Criminal investigations advisers from the EU Advisory Mission Ukraine (EUAM) have visited Hostomel, Irpin, and Bucha with the Ukrainian Police, the first official joint visits by the EUAM International Crimes Task Force and the National Police of Ukraine (NPU) to war crime scenes.
The occupation of the towns of Hostomel, Irpin and Bucha by Russian forces lasted more than a month, until the area was liberated on 31 March.
After a previous visit to Hostomel with the NPU Explosive Ordnance Disposal (EOD) Unit, EUAM Ukraine has now sent its International Crimes experts to Irpin and Bucha to join the NPU Forensic Unit. The aim of these visits is to review and assist the crime scene management techniques used to collect and preserve evidence to enable the investigation of international crimes.
On the ground, NPU officers explained the atrocities committed in the three cities, including the indiscriminate shelling of civilian buildings, war-related sex violence, the killing of civilians, mass murders, torture, interrogations and the misappropriation and looting of private properties.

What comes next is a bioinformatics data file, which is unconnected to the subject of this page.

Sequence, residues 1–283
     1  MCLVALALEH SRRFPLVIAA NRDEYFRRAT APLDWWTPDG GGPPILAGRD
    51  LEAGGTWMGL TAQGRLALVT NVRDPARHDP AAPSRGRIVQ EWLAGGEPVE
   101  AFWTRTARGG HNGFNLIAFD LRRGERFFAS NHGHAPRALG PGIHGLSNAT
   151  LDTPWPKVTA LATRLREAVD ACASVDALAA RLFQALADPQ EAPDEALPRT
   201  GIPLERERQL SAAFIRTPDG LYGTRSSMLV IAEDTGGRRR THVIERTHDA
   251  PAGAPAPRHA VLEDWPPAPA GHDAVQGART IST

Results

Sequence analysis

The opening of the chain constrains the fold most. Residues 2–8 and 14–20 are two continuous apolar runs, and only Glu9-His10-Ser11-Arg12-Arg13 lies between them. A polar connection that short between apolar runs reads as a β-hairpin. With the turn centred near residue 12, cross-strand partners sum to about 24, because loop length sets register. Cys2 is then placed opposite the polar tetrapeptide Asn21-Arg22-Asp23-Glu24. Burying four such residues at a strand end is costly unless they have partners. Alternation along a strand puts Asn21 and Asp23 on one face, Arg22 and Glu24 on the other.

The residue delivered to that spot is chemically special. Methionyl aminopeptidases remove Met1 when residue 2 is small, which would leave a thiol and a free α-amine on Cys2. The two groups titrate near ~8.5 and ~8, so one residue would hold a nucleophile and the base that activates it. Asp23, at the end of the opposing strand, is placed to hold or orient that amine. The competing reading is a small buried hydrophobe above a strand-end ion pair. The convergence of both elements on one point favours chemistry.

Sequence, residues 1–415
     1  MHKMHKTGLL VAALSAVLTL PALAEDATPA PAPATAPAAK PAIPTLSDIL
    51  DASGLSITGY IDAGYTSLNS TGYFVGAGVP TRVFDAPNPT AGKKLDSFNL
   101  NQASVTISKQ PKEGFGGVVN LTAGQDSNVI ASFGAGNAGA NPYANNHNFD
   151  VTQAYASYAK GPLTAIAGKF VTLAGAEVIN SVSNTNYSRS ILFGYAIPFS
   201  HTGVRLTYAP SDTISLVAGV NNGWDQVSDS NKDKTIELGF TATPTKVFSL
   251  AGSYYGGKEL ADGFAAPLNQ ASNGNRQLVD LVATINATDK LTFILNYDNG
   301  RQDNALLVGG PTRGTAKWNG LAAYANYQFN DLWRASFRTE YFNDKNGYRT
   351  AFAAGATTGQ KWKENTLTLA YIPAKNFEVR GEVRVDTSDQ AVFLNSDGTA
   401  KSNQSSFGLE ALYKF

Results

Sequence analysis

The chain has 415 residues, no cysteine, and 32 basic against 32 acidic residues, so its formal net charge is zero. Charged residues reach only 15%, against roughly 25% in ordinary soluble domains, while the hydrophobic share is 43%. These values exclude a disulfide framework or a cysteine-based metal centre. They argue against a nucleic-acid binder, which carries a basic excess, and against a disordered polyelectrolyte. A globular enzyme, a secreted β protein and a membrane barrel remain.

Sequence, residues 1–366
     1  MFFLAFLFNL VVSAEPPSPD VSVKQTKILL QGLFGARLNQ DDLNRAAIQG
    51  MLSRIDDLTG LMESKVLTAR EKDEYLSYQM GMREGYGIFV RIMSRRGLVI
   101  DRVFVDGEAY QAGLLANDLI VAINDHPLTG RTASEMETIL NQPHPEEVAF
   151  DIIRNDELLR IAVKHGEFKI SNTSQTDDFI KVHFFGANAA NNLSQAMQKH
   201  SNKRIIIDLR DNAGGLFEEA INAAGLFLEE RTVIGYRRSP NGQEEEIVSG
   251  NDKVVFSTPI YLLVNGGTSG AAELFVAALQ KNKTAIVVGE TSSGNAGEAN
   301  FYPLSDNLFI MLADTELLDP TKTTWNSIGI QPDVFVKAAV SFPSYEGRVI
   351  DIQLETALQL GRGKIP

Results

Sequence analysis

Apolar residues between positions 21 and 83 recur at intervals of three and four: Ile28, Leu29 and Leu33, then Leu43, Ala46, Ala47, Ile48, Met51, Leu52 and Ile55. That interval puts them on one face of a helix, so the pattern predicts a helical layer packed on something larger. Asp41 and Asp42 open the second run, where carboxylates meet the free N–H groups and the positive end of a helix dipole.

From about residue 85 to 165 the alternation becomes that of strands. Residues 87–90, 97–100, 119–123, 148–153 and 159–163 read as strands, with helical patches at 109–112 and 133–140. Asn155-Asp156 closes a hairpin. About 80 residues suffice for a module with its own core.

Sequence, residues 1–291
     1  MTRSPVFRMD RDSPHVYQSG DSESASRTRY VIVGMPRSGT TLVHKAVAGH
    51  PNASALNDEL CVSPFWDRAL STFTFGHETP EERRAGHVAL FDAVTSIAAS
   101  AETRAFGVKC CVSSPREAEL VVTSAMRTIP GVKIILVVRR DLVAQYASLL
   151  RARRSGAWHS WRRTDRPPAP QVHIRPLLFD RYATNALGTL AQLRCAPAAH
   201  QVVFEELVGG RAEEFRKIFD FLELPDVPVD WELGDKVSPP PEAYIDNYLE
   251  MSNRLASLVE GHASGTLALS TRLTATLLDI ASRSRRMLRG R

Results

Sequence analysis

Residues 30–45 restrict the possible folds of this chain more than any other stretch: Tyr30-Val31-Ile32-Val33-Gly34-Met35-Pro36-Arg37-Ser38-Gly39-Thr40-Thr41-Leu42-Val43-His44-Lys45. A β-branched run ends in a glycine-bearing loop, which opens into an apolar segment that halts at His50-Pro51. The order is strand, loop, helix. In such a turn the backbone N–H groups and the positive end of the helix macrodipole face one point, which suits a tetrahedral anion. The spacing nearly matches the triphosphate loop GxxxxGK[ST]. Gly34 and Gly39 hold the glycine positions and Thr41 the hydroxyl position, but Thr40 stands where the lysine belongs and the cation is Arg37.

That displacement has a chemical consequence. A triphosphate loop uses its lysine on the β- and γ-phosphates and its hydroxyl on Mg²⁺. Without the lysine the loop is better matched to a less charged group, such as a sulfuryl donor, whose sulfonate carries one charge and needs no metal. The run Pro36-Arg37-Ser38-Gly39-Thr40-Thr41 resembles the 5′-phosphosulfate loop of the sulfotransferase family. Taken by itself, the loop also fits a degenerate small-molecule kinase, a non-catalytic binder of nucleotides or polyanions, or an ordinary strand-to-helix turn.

Ukrainian law enforcement agencies began working in the area immediately following the retreat of the Russian forces. During the visits, the NPU officers explained that the EOD experts are always the first to arrive at the crime scene. Once they have cleared the area, forensic officers and investigators can gather evidence and perform their work, forming the basis for case files.
It is essential to preserve shreds of evidence on the spot, and time is crucial. To collect them in Hostomel, Irpin and Bucha, NPU worked tirelessly for about two months. “We understand the amount of work and the associated risks the NPU officers face every day,” noted Manfred Koenig, Senior Adviser on the Investigation of International Crimes. “We see they are doing a highly professional job under difficult circumstances, and we are glad to continue supporting NPU with strategic advice, highly needed equipment and specialised training.”
In parallel to these visits, the EUAM International Crimes Task Force also handed over four cameras with different lens types and flashes for forensic investigations to the NPU Forensic Department. EUAM also met with NPU Inquiry Units, whose teams are often dispatched to the scenes of atrocities due to the overload of police investigators’ work. The inquirers received 11 forensic kits and 12,500 forensic envelopes to support their work.
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